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  #1  
Old September 14th, 2007, 12:34 PM
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Default Average age of passengers by cruise line

Just received this in an e-letter. Thought you all might be interested. I don't know where the info came from or how accurate it is.


Passenger ages vary somewhat by sailing, but usually they are as follows:
Carnival Cruise Line: 0 - 45 years of age
Royal Caribbean Cruise Line: 25 - 55 years of age
Crystal Cruise Line: 55+ years of age
Celebrity Cruise Line: 35 - 64 years of age
Norwegian Cruise Line: 27 - 56 years of age
Holland America Cruises: 30 - 60 years of age
Princess Cruise Line: 35 to 65 years of age
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  #2  
Old September 14th, 2007, 12:44 PM
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Interesting that HAL comes up with a slightly older demographic than Princess. I do think an average age would have been more meaningful than such a wide range, and I have certainly seen people beyond both ends of the range they state for Princess. Doesn't seem very scientific.
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Old September 14th, 2007, 02:18 PM
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Originally Posted by custompcsys View Post
Interesting that HAL comes up with a slightly older demographic than Princess. I do think an average age would have been more meaningful than such a wide range, and I have certainly seen people beyond both ends of the range they state for Princess. Doesn't seem very scientific.
I think you meant HAL came up "younger" (not "older")...their range was shown as 5 yrs younger thank Princess. I would have thought HAL to have the older crowd...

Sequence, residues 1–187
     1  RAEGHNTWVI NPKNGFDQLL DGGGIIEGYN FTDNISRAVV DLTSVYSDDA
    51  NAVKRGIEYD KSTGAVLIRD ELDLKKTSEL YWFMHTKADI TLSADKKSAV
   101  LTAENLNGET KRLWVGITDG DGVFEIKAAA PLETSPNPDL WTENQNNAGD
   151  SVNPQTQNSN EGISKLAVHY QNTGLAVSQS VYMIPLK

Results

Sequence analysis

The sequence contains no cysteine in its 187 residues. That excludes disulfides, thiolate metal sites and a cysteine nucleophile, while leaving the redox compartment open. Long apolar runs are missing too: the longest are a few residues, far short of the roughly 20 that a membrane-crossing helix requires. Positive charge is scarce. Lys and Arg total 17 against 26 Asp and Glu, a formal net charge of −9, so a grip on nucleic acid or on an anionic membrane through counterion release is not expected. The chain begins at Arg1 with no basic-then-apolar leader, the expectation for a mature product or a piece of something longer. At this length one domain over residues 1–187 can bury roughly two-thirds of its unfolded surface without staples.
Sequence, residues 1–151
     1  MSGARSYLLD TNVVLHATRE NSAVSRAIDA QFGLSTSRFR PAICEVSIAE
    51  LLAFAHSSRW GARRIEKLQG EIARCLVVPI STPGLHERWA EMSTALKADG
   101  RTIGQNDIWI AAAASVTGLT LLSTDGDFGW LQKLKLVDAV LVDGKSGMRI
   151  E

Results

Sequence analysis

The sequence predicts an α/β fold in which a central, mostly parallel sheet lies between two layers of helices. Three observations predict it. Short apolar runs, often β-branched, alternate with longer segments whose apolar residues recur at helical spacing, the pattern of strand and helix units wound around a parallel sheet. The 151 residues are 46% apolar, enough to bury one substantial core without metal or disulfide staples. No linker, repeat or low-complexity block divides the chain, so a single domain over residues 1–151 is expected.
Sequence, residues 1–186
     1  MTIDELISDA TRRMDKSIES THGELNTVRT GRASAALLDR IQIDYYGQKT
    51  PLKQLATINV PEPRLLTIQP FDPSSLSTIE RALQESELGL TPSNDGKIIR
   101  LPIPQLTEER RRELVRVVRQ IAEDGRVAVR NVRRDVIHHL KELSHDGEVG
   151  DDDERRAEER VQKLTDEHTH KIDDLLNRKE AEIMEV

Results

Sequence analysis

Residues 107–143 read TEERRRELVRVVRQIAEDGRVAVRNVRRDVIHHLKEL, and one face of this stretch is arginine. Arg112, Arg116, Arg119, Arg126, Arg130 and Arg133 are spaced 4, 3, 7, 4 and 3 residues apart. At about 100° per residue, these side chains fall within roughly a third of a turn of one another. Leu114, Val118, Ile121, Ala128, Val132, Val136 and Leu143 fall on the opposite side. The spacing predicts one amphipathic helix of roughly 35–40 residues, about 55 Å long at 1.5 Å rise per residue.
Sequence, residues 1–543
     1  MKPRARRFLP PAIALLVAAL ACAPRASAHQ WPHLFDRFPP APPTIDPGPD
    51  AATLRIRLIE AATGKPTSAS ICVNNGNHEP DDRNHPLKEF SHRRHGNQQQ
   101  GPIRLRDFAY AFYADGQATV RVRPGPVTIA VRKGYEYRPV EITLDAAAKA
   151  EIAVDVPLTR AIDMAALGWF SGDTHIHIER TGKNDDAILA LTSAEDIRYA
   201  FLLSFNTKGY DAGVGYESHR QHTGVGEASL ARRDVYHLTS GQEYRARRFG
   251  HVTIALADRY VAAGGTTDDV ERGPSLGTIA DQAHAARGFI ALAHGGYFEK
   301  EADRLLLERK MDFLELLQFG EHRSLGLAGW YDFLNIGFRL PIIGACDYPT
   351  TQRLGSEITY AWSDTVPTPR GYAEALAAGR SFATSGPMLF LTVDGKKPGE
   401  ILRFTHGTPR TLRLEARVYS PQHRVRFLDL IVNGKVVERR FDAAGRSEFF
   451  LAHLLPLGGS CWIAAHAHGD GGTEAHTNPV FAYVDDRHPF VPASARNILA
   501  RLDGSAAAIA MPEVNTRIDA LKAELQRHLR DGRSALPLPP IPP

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Old September 14th, 2007, 02:19 PM
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As for Carnival, having been on two, the average age is more like what is shown for Princess. We met more people in their late 40's-50's than any other age group. Don't know where the above stats came from but I have seen totally different numbers for most lines. Crystal is probably right as it's more upscale and costly. Where did the e-letter come from? There are stats out there somewhere with the real numbers.
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  #5  
Old September 14th, 2007, 02:39 PM
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Originally Posted by BND View Post
As for Carnival, having been on two, the average age is more like what is shown for Princess. We met more people in their late 40's-50's than any other age group. Don't know where the above stats came from but I have seen totally different numbers for most lines. Crystal is probably right as it's more upscale and costly. Where did the e-letter come from? There are stats out there somewhere with the real numbers.

It came from an online TA that keeps trying to get my business. Just thought it was interesting, not necessarily scientific.
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Old September 14th, 2007, 02:40 PM
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While the averages may work when looking at all ships and sailing for each line, they are affected by the length and location of eacch cruise. Longer cruises attract older cruises. Older poeple are more likely to have the time and money for them. Cruises in Europe and Asia also attract older cruisers.
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  #7  
Old September 14th, 2007, 04:34 PM
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I think itinerary is the key. Our cruise to New England/Canada had more old folks than I've seen anywhere other than my in-laws' retirement community. We were probably among the youngest 5 percent of the passengers on that cruise--and we were 40 and 46 at the time.

Our travel agent steered us to booking our Alaskan cruise during the peak season because we would fit in better. She said the May and late August and September cruises would tend to be older.

We purposefully book longer cruises for Christmas--on smaller, older ships because they tend not to attract families with young children. There are still children on board, but not in the critical mass needed to foment bad behavior.
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  #8  
Old September 14th, 2007, 04:56 PM